Allis State Park facts for kids
Quick facts for kidsAllis State Park
|Location||284 Allis State Park Road
|Area||625 acres (2.53 km2)|
|Operated by||Vermont Department of Forests, Parks, and Recreation|
|Status||Memorial Day weekend - Labor Day weekend|
Allis State Park is a state park in Brookfield, Vermont. Established in 1928, Allis State Park was the second state park to be created in Vermont. It is named for Wallace Allis, who willed his Bear Mountain Farm to the State of Vermont to be developed as a campground and recreational area. The park was developed by the Civilian Conservation Corps (CCC) beginning in 1932, which built the access roads, constructed a picnic shelter, picnic grounds and a campground. There is a fire/lookout tower on Bear Hill. Limited trash service, hot showers and running water are available. There are picnic tables, grills and fireplaces.
Location and features
Allis State Park encompasses 625 acres (253 ha) of uplands in the watershed of Vermont's White River in western Brookfield, occupying part of a ridge bounded on the east by Bear Hill Road/Vermont Route 65 and on the west by Vermont Route 12. The park itself is accessed from Bear Hill Road/VT 65, which is one of the last remaining Vermont state highways that is still maintained as a gravel road.
The park's principal feature is the summit of Bear Hill, which is accessed via the park road from Bear Hill Road. The park road rises to the west before bending south, after which it reaches the entrance gate and then subsequently splits. The right-hand road loops around the campground, while the left-hand road serves the day-use area, which includes the picnic area, picnic pavilion, and fire/lookout tower.
The campground loop has 18 tent sites, along with 8 lean-to sites, for a total of 26 campsites. Water is available from faucets throughout the campground, and there is a comfort station with restrooms near the middle of the camping loop where showers are available. There is also a campsite for group camping that is set apart from the rest of the campsites. The day-use area connects to the campground via a short, marked trail.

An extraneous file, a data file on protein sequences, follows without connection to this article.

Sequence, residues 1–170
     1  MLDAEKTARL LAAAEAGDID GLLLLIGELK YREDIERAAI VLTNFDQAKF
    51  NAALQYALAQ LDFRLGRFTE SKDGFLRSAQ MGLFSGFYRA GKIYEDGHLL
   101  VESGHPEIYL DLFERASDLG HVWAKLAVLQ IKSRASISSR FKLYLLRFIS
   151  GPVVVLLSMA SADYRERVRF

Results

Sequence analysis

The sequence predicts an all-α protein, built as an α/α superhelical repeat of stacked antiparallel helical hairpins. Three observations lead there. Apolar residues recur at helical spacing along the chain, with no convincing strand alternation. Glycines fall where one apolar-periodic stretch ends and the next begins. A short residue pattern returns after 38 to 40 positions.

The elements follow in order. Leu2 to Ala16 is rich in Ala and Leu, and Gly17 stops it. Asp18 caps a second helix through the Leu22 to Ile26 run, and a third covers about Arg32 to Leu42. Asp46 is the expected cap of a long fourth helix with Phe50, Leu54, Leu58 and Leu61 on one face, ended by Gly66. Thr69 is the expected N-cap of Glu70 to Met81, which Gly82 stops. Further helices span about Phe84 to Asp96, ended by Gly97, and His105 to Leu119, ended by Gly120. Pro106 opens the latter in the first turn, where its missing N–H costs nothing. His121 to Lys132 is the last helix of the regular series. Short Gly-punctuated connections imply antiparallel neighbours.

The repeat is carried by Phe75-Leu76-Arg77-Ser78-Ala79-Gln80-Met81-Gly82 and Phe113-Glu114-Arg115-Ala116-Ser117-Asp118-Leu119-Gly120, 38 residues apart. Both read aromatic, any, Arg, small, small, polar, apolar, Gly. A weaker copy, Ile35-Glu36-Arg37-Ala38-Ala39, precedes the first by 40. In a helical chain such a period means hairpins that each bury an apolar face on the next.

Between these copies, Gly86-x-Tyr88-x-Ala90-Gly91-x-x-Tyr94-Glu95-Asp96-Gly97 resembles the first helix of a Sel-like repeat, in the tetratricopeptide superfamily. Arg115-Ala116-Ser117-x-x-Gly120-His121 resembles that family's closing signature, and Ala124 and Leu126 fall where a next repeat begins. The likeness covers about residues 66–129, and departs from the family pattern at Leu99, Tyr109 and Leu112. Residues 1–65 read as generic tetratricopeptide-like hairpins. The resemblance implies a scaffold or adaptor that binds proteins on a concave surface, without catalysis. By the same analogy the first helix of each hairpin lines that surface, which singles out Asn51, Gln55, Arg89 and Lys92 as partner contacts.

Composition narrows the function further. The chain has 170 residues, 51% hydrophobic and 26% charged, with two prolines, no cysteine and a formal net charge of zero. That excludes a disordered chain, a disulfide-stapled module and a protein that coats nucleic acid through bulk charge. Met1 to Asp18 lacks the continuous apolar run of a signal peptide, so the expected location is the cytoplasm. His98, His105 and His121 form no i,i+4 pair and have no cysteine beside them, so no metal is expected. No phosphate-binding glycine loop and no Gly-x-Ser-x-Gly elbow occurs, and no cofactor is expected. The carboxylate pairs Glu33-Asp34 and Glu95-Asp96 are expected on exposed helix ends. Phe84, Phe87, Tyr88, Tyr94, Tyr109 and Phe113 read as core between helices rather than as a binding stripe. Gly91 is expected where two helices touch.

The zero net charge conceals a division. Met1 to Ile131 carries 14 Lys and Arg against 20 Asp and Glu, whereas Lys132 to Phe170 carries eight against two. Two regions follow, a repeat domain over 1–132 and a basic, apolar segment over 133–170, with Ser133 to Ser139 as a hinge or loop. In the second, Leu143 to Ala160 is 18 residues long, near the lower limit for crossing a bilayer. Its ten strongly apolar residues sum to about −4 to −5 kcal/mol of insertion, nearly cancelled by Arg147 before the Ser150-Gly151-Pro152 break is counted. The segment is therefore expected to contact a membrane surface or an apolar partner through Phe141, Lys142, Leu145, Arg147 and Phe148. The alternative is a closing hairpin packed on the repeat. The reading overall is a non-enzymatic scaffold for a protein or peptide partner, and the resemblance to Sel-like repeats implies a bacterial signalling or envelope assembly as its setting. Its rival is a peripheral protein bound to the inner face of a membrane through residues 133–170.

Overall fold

The Bear Hill Nature Trail is a 3/4 mile hiking loop that connects to the day-use/picnic area at both ends. A horseshoe pit is also located at the picnic area. The fire/lookout tower, at the center of the picnic area, provides 360 degree views of the surrounding mountains of Vermont. The picnic pavilion has handicap-accessible restrooms that serve the day-use area.
As of the 2019 season, Allis State Park has no day-use fee. The standard Vermont State Park camping fees apply to the campsites.
The park was created in 1928 by the gift of his farm to the people of Vermont by Wallace Allis. Prior to making the gift, Allis had allowed area residents to the upper areas of his farm, which provide spectactular views of the surrounding countryside. The park facilities were developed in the 1930s by the Civilian Conservation Corps, which constructed the access road, camping loop, and picnic pavilion. The park facilities were listed on the National Register of Historic Places in 2002.
Allis State Park Facts for Kids. Kiddle Encyclopedia.